Have you struggled with losing excess fat? Are you frustrated with why you store fat in certain areas on your body and why it’s so hard for it to just-go-away-already?! In this post, we dive into why body fat is important, the different kinds of fat we have, how fat is linked to inflammation and obesity, why men and women store fat in different places, and how to (finally!) lose fat for good. Let’s jump right in and get started.
Why is Body Fat Important?
Fat cells are fantastic storage vehicles for energy. They serve a critical purpose during times of feasting. When we consume extra calories, our body shuttles the energy away into our fat cells. It does so in order to have a hearty stock of energy for use during times of famine when nutrition is sparse.
When it comes to calories, fat is the winner. Compared to the other macronutrients in our body (carbohydrates and protein), fat contains more calories per gram: 9 calories per gram to be exact compared to 4 calories / gram in carbohydrates and protein. As a result, fat is more calorically dense and carries less water when stored into our tissues compared to carbohydrates and protein.
Ever wonder why you wake up the next morning feeling bloated and puffy after eating a dessert or a meal that is densely carbohydrate? When your body stores carbohydrates, it brings a significant volume of water along with it. The same is actually true for protein. More water storage = more bloating.
From your body’s perspective, storing water is not an energetically efficient model. After all, your body is trying to prepare for the next big famine to strike. It needs as many calories as possible tucked away in storage.
Ha! Good one. Not in today’s society!
With no real follow-up famine in sight, we over-consume, store extra calories into our fat tissue, and never give our body a reason to access our fat stores. Why go hungry and use up our fat stores when we can nibble on snacks all day or drive through the drive-thru lane the second we get a tiny twinge of hunger?
The Two Types of Fat
Did you know we have two types of fat in our body? You’re probably already aware of the more prominent kind of fat that has a yellow color. The other kind of fat is called “brown adipose tissue.” The term “adipose” is medical jargon for “fat.”
Two particular locations of where this brown adipocyte tissue is located is on our backs and above our clavicles. It is also located along the bones of our spine and on top of our kidneys.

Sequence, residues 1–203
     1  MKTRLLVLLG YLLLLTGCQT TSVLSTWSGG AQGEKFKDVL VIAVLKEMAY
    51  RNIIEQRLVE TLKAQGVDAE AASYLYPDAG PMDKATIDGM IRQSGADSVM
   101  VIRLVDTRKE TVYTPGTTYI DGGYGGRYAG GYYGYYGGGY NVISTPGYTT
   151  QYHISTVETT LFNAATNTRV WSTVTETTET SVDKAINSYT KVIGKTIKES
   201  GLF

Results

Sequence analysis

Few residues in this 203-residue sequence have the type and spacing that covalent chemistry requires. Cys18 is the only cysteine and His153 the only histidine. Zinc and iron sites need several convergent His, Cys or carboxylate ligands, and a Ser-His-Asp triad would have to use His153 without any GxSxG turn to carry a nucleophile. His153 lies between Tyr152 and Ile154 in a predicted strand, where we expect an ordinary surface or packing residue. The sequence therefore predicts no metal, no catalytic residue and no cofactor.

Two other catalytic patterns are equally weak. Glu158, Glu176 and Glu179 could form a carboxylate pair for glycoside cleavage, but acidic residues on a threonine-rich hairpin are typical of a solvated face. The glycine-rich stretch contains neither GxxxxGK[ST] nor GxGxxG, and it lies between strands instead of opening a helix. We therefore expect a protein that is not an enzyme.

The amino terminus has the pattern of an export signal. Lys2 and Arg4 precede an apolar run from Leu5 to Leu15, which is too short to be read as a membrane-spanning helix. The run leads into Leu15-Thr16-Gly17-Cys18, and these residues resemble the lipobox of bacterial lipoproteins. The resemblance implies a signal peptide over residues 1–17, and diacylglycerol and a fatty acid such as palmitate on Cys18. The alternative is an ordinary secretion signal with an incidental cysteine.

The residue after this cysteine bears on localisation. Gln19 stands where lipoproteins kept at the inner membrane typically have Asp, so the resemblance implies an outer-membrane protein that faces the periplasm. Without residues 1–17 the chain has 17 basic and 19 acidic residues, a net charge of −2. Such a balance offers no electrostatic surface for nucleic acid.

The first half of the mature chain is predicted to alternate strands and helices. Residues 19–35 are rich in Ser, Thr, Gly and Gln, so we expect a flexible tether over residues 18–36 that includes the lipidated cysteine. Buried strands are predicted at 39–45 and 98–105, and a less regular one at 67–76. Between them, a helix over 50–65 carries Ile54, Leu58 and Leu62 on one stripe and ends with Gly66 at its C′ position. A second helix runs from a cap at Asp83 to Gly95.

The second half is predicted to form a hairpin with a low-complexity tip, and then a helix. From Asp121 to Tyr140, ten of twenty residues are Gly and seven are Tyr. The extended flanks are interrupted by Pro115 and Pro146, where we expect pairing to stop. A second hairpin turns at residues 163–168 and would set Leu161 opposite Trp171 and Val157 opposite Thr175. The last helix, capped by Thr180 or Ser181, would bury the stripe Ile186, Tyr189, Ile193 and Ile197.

The role of brown adipose tissue is to help us maintain ideal body temperature. When we are cold, the metabolism within our cells ramp up in order to produce heat for us to stay at a healthy temperature. An increase in metabolism = an increase in energy burning! You have brown adipose tissue to thank for this.
Inflammation, Obesity, and Fat
In healthy individuals, adipose (fat) tissue has a rich supply of blood vessels. These vessels are crucial for delivery of important nutrients and oxygen that feed our fat cells and keep them healthy and vital.
In those who struggle with obesity, the body’s fat tissue has a very poor network of blood vessels. Because of this, fat tissue receives a poor supply of nutrition and oxygen. This deficiency triggers the body to be on alert and causes it to stir up inflammation. Inflammation is a sign that your body is in distressed.
Inflammation from being overweight or obese over a long period of time can worsen:
- Cancer (ie: kidney cancer, breast cancer in postmenopausal women, ovarian cancer, colorectal cancer, etc)
- And many more medical conditions
Fat and Our Stress Hormone Cortisol
As you now are aware, excess fat and obesity cause stress on our body. The hormone cortisol is our body’s stress hormone.
A hormone is simply a chemical messenger in our body that travels throughout the bloodstream. When we have excess fat on our body and our body is in a long-term state of inflammation, our stress level increases. When stress is high, cortisol is high.
When we overeat or over-drink while cortisol is high, we begin to store fat specifically around our bellies.
This belly fat is called “central obesity’ and is very dangerous. Central obesity is linked to high blood pressure, diabetes, cholesterol abnormalities, and more.
Therefore, when we eat and drink more than what our body needs, we store more fat in our fat cells (adipose tissue). As our fat cells grow and expand, the stress hormone cortisol is sent throughout the body. Cortisol stores these extra calories as fat to our bellies. This “central obesity” tells our body we are in a state of inflammation, which increases our cortisol, stores more fat in our bellies, and continues the cycle over and over again.
All the while, we become frustrated as we watch our waistband grow, the number on scale go up, and our medication list grow longer because our blood pressure, cholesterol, and blood sugar levels are getting harder to control.
Why Men and Women Store Fat Differently
Men and women distribute fat differently on their bodies. Women tend to consolidate fat on their hips, butt, and upper legs. Men, on the other hand, store fat more predominately in their abdomen (belly). The difference in distribution is related to the steroid hormones estrogen and testosterone.